NEW DEMOCRATIC CONGRESSIONAL LEADERS TO FOCUS ON DRUG SAFETY, MEDICARE REFORM
With the Democrats taking control of the House of Representatives for the first time since 1994, the healthcare agenda will now be in the hands of some very vocal critics of HHS policy regarding drug safety and effectiveness, FDA oversight and drug prices, particularly in Medicare.
Based on seniority in key House committees, it appears that agency critics such as Reps. John Dingell (D-Mich.), Henry Waxman (D-Calif.) and Rosa DeLauro (D-Conn.) will shape healthcare policy during the 110th Congress. These lawmakers are all the ranking members in committees that have jurisdiction over healthcare and are in line to take over as chairmen. Dingell will likely chair the House Energy and Commerce Committee, with Waxman chairing the Government Reform Committee and DeLauro the appropriations subcommittee that funds the FDA.
Dingell is planning to focus on improving FDA oversight of drug safety, lowering Medicare costs and easing the path for generics to be introduced into the market. Drug safety is "one of the things we will have to take a look at," he said during a Nov. 8 conference call announcing his agenda. Not only does Dingell want additional oversight of drug companies by the FDA, but also he wants the agency and the Department of Justice to focus on dietary supplements.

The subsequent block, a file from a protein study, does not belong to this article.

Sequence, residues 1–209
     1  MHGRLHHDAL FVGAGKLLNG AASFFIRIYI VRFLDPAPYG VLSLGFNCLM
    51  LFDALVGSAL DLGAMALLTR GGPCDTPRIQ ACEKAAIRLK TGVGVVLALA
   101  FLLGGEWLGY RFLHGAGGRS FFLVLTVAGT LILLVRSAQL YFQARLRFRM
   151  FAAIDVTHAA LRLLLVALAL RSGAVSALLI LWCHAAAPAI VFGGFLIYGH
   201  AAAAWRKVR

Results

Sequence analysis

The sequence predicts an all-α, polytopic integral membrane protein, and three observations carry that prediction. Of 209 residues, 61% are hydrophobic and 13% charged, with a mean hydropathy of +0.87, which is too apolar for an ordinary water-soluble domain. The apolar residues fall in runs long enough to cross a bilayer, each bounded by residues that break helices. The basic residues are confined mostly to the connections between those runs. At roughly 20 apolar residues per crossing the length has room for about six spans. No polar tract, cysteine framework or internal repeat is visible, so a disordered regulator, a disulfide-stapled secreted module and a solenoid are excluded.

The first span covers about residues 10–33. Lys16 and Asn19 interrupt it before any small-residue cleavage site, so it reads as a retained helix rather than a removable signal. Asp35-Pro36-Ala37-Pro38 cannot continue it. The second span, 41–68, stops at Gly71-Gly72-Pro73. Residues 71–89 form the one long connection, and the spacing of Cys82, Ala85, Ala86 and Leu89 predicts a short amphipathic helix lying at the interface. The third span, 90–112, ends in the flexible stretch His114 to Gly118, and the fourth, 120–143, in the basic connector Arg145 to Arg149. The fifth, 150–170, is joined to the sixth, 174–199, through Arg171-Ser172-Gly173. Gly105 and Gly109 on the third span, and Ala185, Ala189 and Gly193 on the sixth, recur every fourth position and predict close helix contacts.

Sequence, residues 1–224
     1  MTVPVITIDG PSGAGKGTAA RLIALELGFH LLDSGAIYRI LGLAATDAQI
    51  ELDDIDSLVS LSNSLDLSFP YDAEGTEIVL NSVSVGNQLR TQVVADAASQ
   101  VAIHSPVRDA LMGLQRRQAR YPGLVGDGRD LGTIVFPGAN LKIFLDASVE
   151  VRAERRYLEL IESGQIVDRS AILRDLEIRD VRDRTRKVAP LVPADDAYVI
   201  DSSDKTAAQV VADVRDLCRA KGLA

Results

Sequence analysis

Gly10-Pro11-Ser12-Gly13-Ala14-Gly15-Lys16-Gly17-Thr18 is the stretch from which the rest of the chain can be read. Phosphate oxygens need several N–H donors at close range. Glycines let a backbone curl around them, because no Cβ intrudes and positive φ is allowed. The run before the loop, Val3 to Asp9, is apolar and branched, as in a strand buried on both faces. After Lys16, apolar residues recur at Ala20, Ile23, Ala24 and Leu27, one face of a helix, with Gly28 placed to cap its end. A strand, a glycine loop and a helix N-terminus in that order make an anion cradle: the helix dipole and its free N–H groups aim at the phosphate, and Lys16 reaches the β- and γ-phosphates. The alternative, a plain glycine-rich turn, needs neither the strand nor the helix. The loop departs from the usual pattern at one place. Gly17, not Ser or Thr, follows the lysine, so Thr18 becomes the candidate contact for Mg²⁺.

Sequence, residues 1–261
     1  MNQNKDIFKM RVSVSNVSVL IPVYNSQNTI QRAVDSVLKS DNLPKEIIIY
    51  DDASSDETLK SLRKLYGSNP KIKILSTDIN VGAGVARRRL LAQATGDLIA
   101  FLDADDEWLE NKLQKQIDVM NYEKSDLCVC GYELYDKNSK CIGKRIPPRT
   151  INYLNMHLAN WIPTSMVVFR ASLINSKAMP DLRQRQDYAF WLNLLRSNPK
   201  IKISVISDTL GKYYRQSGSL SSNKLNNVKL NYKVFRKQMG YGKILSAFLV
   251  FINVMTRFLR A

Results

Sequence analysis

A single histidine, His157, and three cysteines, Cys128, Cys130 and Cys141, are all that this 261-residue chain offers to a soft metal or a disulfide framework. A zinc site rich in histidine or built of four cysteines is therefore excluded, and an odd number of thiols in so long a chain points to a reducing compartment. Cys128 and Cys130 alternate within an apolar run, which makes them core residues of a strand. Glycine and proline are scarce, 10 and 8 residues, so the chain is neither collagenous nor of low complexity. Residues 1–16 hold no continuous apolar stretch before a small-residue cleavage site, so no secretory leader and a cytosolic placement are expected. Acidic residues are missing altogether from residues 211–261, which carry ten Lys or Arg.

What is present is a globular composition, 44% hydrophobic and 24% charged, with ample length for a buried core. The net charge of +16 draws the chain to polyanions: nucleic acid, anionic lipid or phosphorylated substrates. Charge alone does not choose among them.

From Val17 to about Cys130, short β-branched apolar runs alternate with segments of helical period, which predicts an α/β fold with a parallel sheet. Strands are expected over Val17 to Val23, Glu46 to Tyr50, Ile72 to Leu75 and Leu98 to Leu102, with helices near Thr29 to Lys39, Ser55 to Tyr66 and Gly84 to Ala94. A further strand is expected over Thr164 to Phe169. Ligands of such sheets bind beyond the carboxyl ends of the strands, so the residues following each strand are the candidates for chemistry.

Dietary supplements have been the alleged cause of numerous deaths, Dingell said. The problem is so serious that he may request criminal sanctions against the manufacturers.
Dingell is also planning to address potential obstacles for generics. Brand pharmaceutical companies have misused patent law and drug licensing requirements to keep generics out of the marketplace, he claimed. For example, Dingell has been concerned with the practice of reverse payments, where a brand companies pays a generic competitor to delay launching its version of a drug. Many times, "generic drugs have been held off the market by agreements between manufacturers," he said.
Waxman and DeLauro have also focused on drug safety and generics, introducing numerous bills on these topics while in the minority. Earlier in the year, DeLauro targeted the midterm elections as an opportunity to make major changes to healthcare policy. "We recognize that FDA's gold standard has been tarnished, with deadly consequences for thousands of families," DeLauro said during a June press conference. "At the top, quite frankly, we can't get anywhere," DeLauro said at the time. "In my view, we do have to change leadership in the House."